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Are Recruiters Necessary?
by Bill Radin

Peter was a great candidate, but was unemployed. When he contacted me, I immediately thought of a company that seemed a perfect match for his talents. So, I placed a call to the vice president.

The VP agreed that my candidate was outstanding, and could immediately help his company grow. However, there was a catch: Under no circumstances would he pay a recruiter’s fee.

“So, you see no value whatsoever in working with a recruiter,” I said.

“You got it,” the VP said. “We get 50 resumes a week from posting on Craigslist. So, if your candidate really wants to work for our company, I’m sure he’ll find us.”

“Sorry I wasted your time,” I said. I could see that trying to convince him otherwise was a waste of my time as well.

Sure enough, just as the VP predicted, the candidate eventually found the company online, and after an exchange of emails, the VP flew Peter out to California to interview. Not once, but twice.

Soon after the second interview, Peter received an email from the VP, and it had the look and feel of an offer—almost. “We’d like you to come to work for us,” The VP wrote. “All we need to do is find out what sort of salary you’re looking for.” I know all about the email, because the candidate forwarded it to me and asked for advice.

Now, I’m not one to hold a grudge; nor am I about to keep two interested parties apart, especially in light of the fact that the candidate was unemployed. So I advised the candidate to strongly state his interest and request a formal offer, with the understanding that if the offer was reasonable, he would accept the offer and set a start date.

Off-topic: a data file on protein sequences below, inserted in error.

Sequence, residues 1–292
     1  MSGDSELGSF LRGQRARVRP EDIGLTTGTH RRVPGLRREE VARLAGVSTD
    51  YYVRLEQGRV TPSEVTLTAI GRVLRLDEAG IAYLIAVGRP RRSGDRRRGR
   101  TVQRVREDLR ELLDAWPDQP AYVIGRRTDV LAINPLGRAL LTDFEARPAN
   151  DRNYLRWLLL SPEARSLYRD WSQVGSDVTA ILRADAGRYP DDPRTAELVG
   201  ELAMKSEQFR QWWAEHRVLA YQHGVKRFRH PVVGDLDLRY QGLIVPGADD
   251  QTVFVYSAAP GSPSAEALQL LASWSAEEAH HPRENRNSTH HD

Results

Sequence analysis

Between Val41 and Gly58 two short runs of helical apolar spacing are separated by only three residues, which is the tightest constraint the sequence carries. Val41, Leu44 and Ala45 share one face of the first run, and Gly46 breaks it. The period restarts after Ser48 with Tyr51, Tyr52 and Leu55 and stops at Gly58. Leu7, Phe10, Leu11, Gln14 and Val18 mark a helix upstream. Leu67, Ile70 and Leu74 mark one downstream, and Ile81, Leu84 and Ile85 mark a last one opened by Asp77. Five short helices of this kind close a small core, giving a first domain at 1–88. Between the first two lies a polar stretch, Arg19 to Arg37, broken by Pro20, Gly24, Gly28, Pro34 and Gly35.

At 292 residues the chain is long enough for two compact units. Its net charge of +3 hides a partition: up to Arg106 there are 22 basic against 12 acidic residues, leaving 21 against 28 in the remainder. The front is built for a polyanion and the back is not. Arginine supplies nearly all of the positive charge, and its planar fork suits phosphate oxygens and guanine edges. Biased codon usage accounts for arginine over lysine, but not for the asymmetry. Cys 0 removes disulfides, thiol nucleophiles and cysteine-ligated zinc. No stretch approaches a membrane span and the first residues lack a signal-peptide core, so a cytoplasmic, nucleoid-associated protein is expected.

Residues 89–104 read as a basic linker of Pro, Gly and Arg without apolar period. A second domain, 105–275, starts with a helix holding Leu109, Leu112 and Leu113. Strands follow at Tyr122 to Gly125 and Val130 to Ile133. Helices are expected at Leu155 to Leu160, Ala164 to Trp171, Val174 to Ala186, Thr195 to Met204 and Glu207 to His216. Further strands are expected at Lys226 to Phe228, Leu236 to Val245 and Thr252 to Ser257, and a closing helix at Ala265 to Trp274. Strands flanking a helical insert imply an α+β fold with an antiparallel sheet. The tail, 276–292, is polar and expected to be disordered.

But instead of taking my advice, the candidate took a detour, which proved fateful. In his email message to Peter, the VP went on to say that their salary range was $100k to $150k. Since Peter’s last job had paid $100k, Peter figured there was some room to negotiate.

So Peter emailed the VP that he needed a salary of $12k more than he was making before being laid off, in order to: [a] compensate for the higher cost of living in California; [b] bring his salary up to “market” value, according to an online survey; and [c] provide him with a 12-percent increase to adjust for inflation during the two years he’d been unemployed.

How did the VP react? He pulled the offer.

Now, I don’t blame the VP for being put off. But instead of saying, “Whoa, can we talk about it?” he stopped the deal in its tracks.

Had I been in a position to broker the exchange, I’m certain the outcome would have been very different. Acting as a sounding board, I could have smoothed the rough edges, and helped everyone reach a consensus. Instead, Peter and the VP communicated poorly; and as a result, their little drama morphed into a triple tragedy.

First, a talented and deserving candidate was left with a family to feed and a creative mind going to waste. Second, a perfectly good company that could have reaped untold financial benefit by expanding its capacity is still turning away business.

And third, the VP who regarded my services as worthless cost his company ten times the money he would have paid me.

Yes, there’s a cost associated with high-quality professional services. But very often, they’re worth every penny.

 

 

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